thanks its Member Supporters
 
 
AMPAC Debt Recovery
Credit Matters
BBS Debt Collections
George Laurens
Professional Collection Services
Nexxa Portfolio Management
Australian Legal Support Services
Mercantile Credit Management
Insight Mercantile
Kearley Lewis
Executive Collections
EC Credit Control
Kelmar Collections
Shield Mercantile
Statewide Mercantile Services
National Collections
Access Mercantile Agency
Axess Debt Management
CCC Financial Group Group
Risk & Security Management Ltd
The Hunter Group
Commercial Credit Services
AMPAC Debt Recovery
Credit Collection Services Group
AusDetect
Professional Collection Services
GM Investigations
Austral Mercantile Collections
Pro-Collect
Mercantile Credit Management
Griffith-Jones and Associates
Blitz Credit Management
Executive Collections
Commercial Credit Control
Derwent Mercantile
Shield Mercantile
State Mercantile
Central Victorian Mercantile
Access Mercantile Agency
Kemps Petersons Receivables
MercantileCPA
Risk & Security Management Ltd
Dun & Bradstreet
Collection House Group
LCollect
AMPAC Debt Recovery
Recoveries and Reconstructions
FNQ Commercial Agency
Professional Collection Services
Victorian Protection Security Services
International Student Care
Mercantile Credit Management
Civic and Commercial Mercantile Services
JMA Credit Control
Executive Collections
Associated Investigation Services
Indebted Australia
Shield Mercantile
Charter Mercantile Agency
Slater Byrne Recoveries
Risk & Security Management Ltd
Probe Group
Waterman Receivables Management
Adjuster Corp
html slider
 

 

Industry Roles

Collectors

Entering the industry as a Collector

Many enter the collections area from a previous career in financial credit management, however, there is no one ideal background to guarantee success as a collector. You might come from a career in accounting, administration, finance, engineering, human resources or sales.

The work of a collector involves making demands for the payment of overdue debts. Demands can be made in writing (letters, emails or sms messages) or verbally by telephone or personal attendance upon the debtor.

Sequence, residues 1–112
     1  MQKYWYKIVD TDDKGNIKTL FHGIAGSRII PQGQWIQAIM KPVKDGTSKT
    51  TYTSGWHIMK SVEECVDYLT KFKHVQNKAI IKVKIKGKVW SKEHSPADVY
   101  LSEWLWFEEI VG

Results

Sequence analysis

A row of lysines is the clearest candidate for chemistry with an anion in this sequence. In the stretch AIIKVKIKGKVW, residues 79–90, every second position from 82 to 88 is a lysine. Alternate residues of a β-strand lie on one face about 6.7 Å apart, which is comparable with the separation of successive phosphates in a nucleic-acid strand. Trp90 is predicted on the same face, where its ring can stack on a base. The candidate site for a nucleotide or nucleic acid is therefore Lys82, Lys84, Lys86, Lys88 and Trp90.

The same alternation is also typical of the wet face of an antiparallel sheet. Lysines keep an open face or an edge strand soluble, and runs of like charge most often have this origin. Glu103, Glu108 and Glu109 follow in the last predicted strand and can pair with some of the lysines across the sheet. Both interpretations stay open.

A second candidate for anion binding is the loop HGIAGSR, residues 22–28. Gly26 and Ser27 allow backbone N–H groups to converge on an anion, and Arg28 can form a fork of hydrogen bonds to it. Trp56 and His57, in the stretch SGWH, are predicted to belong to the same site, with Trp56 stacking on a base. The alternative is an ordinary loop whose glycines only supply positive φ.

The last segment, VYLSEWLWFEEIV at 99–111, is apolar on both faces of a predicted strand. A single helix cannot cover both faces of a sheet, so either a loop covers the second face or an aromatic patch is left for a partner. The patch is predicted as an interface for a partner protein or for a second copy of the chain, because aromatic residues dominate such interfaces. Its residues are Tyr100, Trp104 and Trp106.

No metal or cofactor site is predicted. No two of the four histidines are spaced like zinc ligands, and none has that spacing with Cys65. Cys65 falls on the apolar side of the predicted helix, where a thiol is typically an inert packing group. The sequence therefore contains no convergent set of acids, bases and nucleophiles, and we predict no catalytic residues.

Collectors are required to enter into dialogue with individual and corporate debtors in order to achieve resolution of the delinquent account either by full or part recovery or by establishing the debtor does not have either the means to pay the account or the obligation to pay the account.

Principally collectors work in modern offices with sophisticated collection software. Some larger offices use predictive telephone dialling software so that the software dials the next debtor in a queue of accounts to be actioned ready for the next available collector to speak to.

Recovery of debts can ultimately require litigation and so some collectors are involved in assisting and/or instructing solicitors in the preparation of summonses or statements of claim for filing at court and then service by a process server.
Collectors are required to strictly comply with various legislation, including the particular state or territory's civil proceedings legislation, the National Credit Code, the ASIC/ACCC Debt Collection Guideline which reflects obligations under the Australian Consumer Law introduced in 2011, the National Consumer Credit Protection Act 2009, and privacy laws and principles.

Typically, a competent and successful collector will possess:

  • Maturity, honesty, integrity and a fine sense of ethics;
  • Good people skills;
  • A patient and pleasant disposition;
  • Strong communication skills;
  • Good keyboarding skills;
  • An ability to focus on desired outcomes; and
  • A consistent work methodology.